I have had the privilege to interact with students of all ages in a variety of teaching roles, all of which have shaped my philosophy on teaching. My experience includes instructing college courses, serving as a teaching assistant in labs, leading outreach activities, and crafting curriculum for independent learners. Additionally, the domains I have taught have varied, including human-computer interaction, database systems, and introductory programming. Below are more detailed descriptions of these experiences. A complete overview of course I have taught can be found in my CV.
Homeschool CS Elective, Madison, WI I worked as a computer science tutor for a local high school student. After passing the AP CS A exam as an eighth grader, I worked with this student twice a week during the 2012-2013 and 2013-2014 school years on advanced computer science topics, including introductions to data structures, algorithms, GUIs, computational photography, compilers, and AI. My goal in this work was to keep this student challenged, equipping him with the skills necessary to implement his innovative ideas.
Introduction to Human-Computer Interaction, University of Wisconsin–Madison Introduction to Human-Computer Interaction (CS 570) covers basic principles and applications of designing for the human-computer interaction experience. The course was taught through a series of lectures, paper readings, and course projects. As the instructor for this course in spring 2012, I was responsible for planning the curriculum, assigning homework and projects, preparing and grading exams, and advising for 10 groups every five weeks, with 3 students per group.
Grandparents University, University of Wisconsin–Madison Grandparents University (GPU) is a two day program where grandparents and their grandkids (ages 8-14) pick a topic to “major” in. The social robotics major was offered for the first time in the summer of 2011. I prepared curriculum that was appropriate for grandkids while still engaging grandparents using a combination of presentations, videos, hands-on activities and programming with Lego Mindstorms. I taught all three sessions of social robotics for GPU in 2011 and 2012, and the first and third session in 2013. You can see pictures for 2013 [session I and session III], 2012 [session I, session II, and session III] and for 2011 [session I, session II, and session III]. Wisconsin News also has an article on GPU across campus.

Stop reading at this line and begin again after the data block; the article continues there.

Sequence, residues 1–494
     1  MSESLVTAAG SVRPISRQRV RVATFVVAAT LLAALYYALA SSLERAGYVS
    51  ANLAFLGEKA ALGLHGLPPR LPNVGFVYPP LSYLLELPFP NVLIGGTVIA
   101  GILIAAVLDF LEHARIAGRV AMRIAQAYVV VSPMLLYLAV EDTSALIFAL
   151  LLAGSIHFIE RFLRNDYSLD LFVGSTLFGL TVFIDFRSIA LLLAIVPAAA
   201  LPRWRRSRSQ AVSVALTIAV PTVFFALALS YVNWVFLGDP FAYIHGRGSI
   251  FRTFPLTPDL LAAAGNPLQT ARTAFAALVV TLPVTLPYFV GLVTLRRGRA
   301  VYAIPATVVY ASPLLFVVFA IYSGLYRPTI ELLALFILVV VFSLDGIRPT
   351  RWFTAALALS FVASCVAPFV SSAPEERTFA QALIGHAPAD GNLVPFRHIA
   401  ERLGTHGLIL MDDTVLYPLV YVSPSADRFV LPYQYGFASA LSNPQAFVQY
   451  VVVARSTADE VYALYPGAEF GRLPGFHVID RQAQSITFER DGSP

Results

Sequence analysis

Global Wisconsin Idea Program, University of Wisconsin–Madison The Global Wisconsin Idea Program aims to bring together academically gifted high school students from China and America to study emerging technologies for a month. As part of their robotics curriculum, I put together a two day lesson in social robotics. The first day covered the concept of social robotics and involved discussion amongst the students of how robots are viewed in their respective cultures. The second day had the students work together to implement social behaviors on Lego Mindstorms. You can read more about my two days of teaching in the summer of 2011 here and here.
Middle School CS Elective, Madison, WI I prepared and taught an elective computer science and programming curriculum for two middle school boys at Cherokee Heights Middle School during the spring semester of 2011. My two students were each interested in programming, but had drastically different backgrounds with computer science. Since I was responsible for teaching both students during the same time period, I created separate, self-guided curricula for each of them according to skill level. During our lessons, each student would have points built into their study that required them to show me their program or talk with me about a concept, allowing me to effectively balance each students' needs while ensuring they were mastering the material.
Teaching Assistant Experience
Introduction to Human-Computer Interaction, University of Wisconsin–Madison Introduction to Human-Computer Interaction (CS 570) covers basic principles and applications of designing for the human-computer interaction experience. The course was taught through a series of lectures, paper readings, and course projects. As the teaching assistant for this course in spring 2011, I was responsible for grading reading quizzes, homework, and projects, as well as holding weekly office hours and facilitating team discussion during class. I would occasionally lead the lecture when the professor was unavailable.
Introduction to Programming, University of Wisconsin–Madison Introduction to Programming (CS 302) is the first course in a sequence of fundamentals courses in the computer science department, covering introductory programming techniques with students in Java. I lead three lab sections, helping students learn to apply lessons covered earlier in class to practical assignments. I also helped grade homework assignments and held office hours.
Introduction to Database Systems, Rose-Hulman Institute of Technology Introduction to Database Systems (CSSE 433) covers introductory database concepts in terms of the relational model, such as ER diagrams, data modeling, indexes, and transactions, as well as learning how to use Microsoft SQL. My primary responsibilities were grading homework and holding weekly office hours. In addition, I was in charge of preparing two labs during the quarter, which included updating lab instructions, helping out during the lab sections, and then grading the labs.